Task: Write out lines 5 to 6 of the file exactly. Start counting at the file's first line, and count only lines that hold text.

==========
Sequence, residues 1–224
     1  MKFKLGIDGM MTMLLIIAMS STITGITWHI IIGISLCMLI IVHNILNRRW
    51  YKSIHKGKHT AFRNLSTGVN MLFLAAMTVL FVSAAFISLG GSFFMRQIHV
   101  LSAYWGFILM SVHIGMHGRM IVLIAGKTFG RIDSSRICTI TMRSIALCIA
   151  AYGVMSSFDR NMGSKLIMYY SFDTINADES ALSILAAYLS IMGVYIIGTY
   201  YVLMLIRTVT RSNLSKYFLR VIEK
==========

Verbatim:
   151  AYGVMSSFDR NMGSKLIMYY SFDTINADES ALSILAAYLS IMGVYIIGTY
   201  YVLMLIRTVT RSNLSKYFLR VIEK